Are the spades you mentioned in Sacramento county as well? Can you give any non-specific info without giving exact location? All of my finds were found near the far eastern side of the county that boarders El Dorado. I haven't seen any Tigers out there, but I seriously only looked one time while living in Folsom lol (no heater in my truck. Had to bypass the heatercore) I didn't do much rain cruising (2 or 3) and when I did I was more focus on Red-legged Frog habitat as opposed to cow ponds. I think I might be able to cruise one later this year. I know there are Tigers near Rancho Secco. My little brother installs solar panels and said he discovered 7 or 9 large adults this year buried deep in the ground after ripping up some foundation flooring structure on a guys property out there. The land owner said that they hadn't seen them in years because of the drought, but usually see them all over the yard, coming from the pond on their property. I imagine there are probably Spea in that area as well.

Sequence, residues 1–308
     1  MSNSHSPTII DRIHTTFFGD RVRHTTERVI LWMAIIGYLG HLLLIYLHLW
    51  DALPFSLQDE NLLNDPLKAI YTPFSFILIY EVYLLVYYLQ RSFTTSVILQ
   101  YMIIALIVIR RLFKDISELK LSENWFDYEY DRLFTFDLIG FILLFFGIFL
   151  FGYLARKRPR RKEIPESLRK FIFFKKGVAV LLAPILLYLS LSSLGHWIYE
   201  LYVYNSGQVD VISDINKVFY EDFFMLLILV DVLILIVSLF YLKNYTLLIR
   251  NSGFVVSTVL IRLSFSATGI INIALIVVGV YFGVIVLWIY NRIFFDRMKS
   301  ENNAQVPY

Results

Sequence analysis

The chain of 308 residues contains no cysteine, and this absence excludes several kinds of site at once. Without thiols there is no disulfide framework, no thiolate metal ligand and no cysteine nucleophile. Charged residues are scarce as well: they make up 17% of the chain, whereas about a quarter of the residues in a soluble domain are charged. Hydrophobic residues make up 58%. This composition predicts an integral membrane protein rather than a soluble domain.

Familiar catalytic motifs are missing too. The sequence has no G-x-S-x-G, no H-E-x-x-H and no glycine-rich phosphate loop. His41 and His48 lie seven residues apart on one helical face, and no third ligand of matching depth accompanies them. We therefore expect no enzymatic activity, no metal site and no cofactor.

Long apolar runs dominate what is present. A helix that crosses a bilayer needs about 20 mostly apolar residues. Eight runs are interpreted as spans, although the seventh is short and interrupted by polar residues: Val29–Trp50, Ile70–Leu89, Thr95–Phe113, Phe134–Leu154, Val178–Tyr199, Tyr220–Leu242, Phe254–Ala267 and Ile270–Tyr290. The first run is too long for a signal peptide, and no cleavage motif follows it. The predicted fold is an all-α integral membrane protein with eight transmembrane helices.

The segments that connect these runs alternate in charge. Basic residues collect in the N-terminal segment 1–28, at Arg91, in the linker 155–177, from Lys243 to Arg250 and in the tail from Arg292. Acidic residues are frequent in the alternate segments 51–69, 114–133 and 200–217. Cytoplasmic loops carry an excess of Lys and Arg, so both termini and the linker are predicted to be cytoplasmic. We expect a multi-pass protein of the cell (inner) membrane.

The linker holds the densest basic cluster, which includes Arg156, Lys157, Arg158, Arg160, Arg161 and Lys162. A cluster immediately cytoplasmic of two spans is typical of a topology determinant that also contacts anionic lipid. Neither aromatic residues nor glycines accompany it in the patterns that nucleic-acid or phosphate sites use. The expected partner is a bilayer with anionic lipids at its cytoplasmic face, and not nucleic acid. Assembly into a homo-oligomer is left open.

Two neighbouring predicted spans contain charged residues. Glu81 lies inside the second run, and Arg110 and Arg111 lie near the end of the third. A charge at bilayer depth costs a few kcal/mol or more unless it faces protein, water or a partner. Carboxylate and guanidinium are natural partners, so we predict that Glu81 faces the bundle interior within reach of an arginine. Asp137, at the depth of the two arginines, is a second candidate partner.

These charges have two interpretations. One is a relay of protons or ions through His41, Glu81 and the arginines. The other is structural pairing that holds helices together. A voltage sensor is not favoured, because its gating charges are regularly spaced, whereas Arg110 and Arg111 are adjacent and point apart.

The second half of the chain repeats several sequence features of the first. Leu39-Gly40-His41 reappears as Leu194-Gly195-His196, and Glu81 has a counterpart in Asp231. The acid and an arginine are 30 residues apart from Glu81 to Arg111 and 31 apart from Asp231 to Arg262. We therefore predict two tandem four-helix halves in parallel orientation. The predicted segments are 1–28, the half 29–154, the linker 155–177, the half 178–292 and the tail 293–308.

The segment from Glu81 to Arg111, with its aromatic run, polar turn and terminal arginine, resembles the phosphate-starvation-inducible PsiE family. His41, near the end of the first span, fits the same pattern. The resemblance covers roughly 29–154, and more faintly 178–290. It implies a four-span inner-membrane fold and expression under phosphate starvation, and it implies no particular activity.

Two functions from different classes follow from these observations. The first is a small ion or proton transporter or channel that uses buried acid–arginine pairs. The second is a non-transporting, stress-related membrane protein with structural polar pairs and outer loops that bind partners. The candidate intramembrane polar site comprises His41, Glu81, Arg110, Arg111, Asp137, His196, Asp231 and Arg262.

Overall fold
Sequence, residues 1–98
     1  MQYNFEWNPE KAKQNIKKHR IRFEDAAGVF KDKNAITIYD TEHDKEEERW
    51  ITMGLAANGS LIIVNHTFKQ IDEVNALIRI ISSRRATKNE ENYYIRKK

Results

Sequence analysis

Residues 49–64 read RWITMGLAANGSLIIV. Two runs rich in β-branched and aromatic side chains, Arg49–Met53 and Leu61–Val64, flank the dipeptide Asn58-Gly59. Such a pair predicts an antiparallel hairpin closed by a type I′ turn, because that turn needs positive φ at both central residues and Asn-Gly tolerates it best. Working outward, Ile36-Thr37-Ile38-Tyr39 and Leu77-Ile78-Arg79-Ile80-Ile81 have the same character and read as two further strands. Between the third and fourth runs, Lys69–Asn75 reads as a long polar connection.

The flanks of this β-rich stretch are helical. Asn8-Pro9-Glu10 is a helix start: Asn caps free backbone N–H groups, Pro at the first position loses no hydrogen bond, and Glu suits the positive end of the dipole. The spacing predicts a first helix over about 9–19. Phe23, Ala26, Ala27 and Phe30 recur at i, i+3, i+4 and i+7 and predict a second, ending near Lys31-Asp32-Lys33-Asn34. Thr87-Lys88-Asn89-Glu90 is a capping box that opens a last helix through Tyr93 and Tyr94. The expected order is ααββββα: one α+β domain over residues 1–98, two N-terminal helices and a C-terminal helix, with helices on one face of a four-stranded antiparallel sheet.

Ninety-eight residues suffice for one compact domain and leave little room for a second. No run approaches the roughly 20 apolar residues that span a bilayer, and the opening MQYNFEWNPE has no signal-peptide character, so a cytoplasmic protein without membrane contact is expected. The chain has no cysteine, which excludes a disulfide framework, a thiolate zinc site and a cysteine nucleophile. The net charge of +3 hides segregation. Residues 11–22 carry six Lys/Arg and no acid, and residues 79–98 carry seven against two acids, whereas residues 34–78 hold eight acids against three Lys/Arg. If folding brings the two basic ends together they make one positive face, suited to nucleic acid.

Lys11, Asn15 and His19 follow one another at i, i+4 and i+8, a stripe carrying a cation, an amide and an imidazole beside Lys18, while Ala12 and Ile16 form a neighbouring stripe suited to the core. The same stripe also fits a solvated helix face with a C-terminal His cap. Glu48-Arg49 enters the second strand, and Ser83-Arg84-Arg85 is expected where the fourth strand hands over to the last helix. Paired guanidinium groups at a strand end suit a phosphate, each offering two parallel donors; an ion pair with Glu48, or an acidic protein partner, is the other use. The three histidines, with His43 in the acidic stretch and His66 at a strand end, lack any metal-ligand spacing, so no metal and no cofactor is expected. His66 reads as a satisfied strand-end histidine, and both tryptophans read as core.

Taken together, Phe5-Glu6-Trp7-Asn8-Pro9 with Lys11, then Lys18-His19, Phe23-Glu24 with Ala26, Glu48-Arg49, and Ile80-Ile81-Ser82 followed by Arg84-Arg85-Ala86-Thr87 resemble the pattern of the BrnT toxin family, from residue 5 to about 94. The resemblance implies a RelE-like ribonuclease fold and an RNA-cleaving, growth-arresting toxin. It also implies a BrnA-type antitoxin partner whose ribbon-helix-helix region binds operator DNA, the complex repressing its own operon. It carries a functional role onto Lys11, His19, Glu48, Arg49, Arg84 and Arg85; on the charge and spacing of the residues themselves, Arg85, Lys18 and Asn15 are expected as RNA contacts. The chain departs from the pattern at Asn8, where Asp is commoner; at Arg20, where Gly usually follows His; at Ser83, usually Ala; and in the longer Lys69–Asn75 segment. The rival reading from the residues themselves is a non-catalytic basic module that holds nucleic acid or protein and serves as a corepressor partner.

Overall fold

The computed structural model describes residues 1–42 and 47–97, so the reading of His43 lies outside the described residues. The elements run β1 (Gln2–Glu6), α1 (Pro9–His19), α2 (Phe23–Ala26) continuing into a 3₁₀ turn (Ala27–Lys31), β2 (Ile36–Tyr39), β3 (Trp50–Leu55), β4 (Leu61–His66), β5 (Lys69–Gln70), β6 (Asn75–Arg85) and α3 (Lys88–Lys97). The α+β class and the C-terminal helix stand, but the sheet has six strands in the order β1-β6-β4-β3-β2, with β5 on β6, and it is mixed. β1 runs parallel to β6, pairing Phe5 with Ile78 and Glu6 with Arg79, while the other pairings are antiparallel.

Haha No...way...in...hell...am I planning on uploading 100+ vouchers :lol: :lol: I didn't take vouchers that first night, just some shots of the best looking ones. which is why I went back the 2nd night to voucher the 40. I thought, no ones gonna believe I saw that many :lol: especially WHERE I saw them! I have about 4 photos from the first night that I plan on entering and then adding the extra note to the record like you mentioned. I did that before with another record I put in...couchi, I think. Someone gave me a heads up back then that the quantity has to match the number of photos added. I WAS gonna put the 40 in, but I was thinking about that today actually and thought... ummmm, yeah, naw, 10 is probably good enough. lol I'll just pick out the best displays of variation and add those. I'm glad you liked seeing that :beer: That was the best part of the experience for me. I was thinking man, no one except for maybe Fundad and the older guys have seen that many. The variation in color and pattern amazes me. Definately worth posting so the people on the forum can experience that as well. That's my favorite aspect about finding that many. The first one I found was actually a super small brown, kinda dull looking one, with red spots and I thought, wow...that is the prettiest looking Western toad I've seen. I'm gonna have to photograph this one...Lol It even hopped little bop hops and wasn't doing the distinctive crazy Spade-leaps that look like a treefrog on redbull...then, my next thought was. Didn't I see a tan tadpole out here one time and thought it was an aberrant treefrog...hummm, could this be a cross with Spea...? :lol: Then I saw a huge green adult about 20 feet up the road and was like... hole..lee...shit... :) wow :) Best amphibian experience so far for me! :mrgreen: :mrgreen: :mrgreen: